In all benchmarked queries, Datalevin is faster than Datascript and Datomic. Considering that we are comparing a disk store with memory stores, this result may be counter-intuitive. One possible reason is that Datalevin caches more aggressively, whereas Datascript chose not to do so (e.g. see this issue). In addition, we implemented more query optimizations.

Writes are slower, as expected, as Datalevin is writing to disk while others are in memory. The bulk loading speed is good, writing 100K datoms to disk in less than 0.2 seconds; the same data can also be transacted with all the integrity checks as a whole or five datoms at a time in less than 1.5 seconds. Transacting one datom at a time, it takes longer time. Therefore, it is preferable to have batch transactions.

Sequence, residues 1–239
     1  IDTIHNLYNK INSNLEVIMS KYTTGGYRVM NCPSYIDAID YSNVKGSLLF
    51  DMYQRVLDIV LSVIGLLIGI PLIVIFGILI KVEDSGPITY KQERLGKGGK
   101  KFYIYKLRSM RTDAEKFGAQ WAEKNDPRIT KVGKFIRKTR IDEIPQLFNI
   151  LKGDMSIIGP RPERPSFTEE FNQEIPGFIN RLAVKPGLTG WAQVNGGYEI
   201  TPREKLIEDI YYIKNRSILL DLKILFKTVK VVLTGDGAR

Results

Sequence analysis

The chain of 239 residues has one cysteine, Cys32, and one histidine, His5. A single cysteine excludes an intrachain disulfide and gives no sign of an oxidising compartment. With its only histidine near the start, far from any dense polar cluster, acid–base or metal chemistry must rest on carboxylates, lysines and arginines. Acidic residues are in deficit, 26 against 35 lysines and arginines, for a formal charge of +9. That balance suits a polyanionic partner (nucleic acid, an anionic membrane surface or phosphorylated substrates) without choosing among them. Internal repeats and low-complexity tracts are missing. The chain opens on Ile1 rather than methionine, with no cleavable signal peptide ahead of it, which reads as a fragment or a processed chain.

In short, Datalevin is quite capable for small or medium projects right now.

šŸ’¾Differences from Datascript

Datascript is developed by Nikita Prokopov that "is built totally from scratch and is not related by any means to" DatomicĀ®. Although a port, Datalevin differs from Datascript in more significant ways than just the difference in data durability and running mode:

As mentioned, Datalevin is not an immutable database, and there is no "database as a value" feature. Since history is not kept, transaction ids are not stored.

Datoms in a transaction are committed together as a batch, rather than being saved by with-datom one at a time.

ACID transaction and rollback are supported.

Lazy results set and spill to disk are supported.

Entity and transaction integer ids are 64 bits long, instead of 32 bits.